London, April 1812. On the eve of eighteen-year-old Lady Helen Wrexhall’s presentation to the queen, one of her family’s housemaids disappears-and Helen is drawn into the shadows of Regency London. There, she meets Lord Carlston, one of the few who can stop the perpetrators: a cabal of demons infiltrating every level of society. Dare she ask for his help, when his reputation is almost as black as his lingering eyes? And will her intelligence and headstrong curiosity wind up leading them into a death trap?
The first book in the Lady Helen series was actually quite enjoyable. Hailed as “Pride and Prejudice meets Buffy the Vampire Slayer,” The Dark Days Club is a unique and twisted dark fantasy set in one of the most fascinating (and steamy) eras of history.
This book met my goals for a fantasy romance and exceeded them: no love triangle, strong female friendships, and choice. Sometimes love triangles make for a thrilling plotline, but in recent young adult lit, it’s been way overused and depended on. To be honest, there isn’t a lot of romance present in the first place, but what’s there is nice and expertly crafted. Lady Helen’s relationship with her maid, Darby, is just as excellent – they have a strong and healthy bond that made my heart happy with every interaction. On top of that, the major reason they were fantastic was because of Helen’s choice. Does she want to join the Reclaimers, or live a comfortable, demon-free life with her aunt and uncle? Darby explicitly tells Helen that she will always be there, no matter what Helen chooses. Cue the single tear of friend love.
Personally, my biggest complaint for the book and why it is a shorter review than usual is because it’s not very memorable. I really can’t think of much to say about it beyond that it was a bit lengthy, and I enjoyed it as a light read. This isn’t to say the book doesn’t get serious and jaw-dropping at times; just that, a month after reading the book, nothing really sticks out for me. Maybe if I reviewed it immediately after I finished, I would have had more to say, but alas.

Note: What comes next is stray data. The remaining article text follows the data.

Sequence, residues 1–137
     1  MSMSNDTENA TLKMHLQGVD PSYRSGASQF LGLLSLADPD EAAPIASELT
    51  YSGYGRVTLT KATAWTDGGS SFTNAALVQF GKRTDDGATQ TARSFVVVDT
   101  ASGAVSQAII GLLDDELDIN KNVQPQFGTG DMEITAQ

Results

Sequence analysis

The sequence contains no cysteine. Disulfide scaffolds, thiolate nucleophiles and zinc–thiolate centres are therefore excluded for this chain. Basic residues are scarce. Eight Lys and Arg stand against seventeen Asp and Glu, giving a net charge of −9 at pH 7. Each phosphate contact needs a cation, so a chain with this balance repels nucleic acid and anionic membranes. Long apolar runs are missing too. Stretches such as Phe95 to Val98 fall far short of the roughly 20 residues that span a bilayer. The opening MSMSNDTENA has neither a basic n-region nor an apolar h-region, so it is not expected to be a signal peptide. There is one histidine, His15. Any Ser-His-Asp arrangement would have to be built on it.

If you are a fan of Regency-era books, I would definitely recommend starting the Lady Helen series. Don’t let my poor memory stop you from enjoying this light yet fulfilling series beginner. There aren’t a lot of Regency YA books at the forefront of the genre right now, though I have heard great things about Love, Lies, and Spies and Newt’s Emerald for those of you who are interested. I am personally a much bigger fan of Victorian-era YA lit, so if you prefer that time period, keep a weather eye out for future reviews of some of my personal favorites such as A Great and Terrible Beauty and Leviathan, and check out my previous reviews of Clockwork Angel and Prudence. Happy blogging!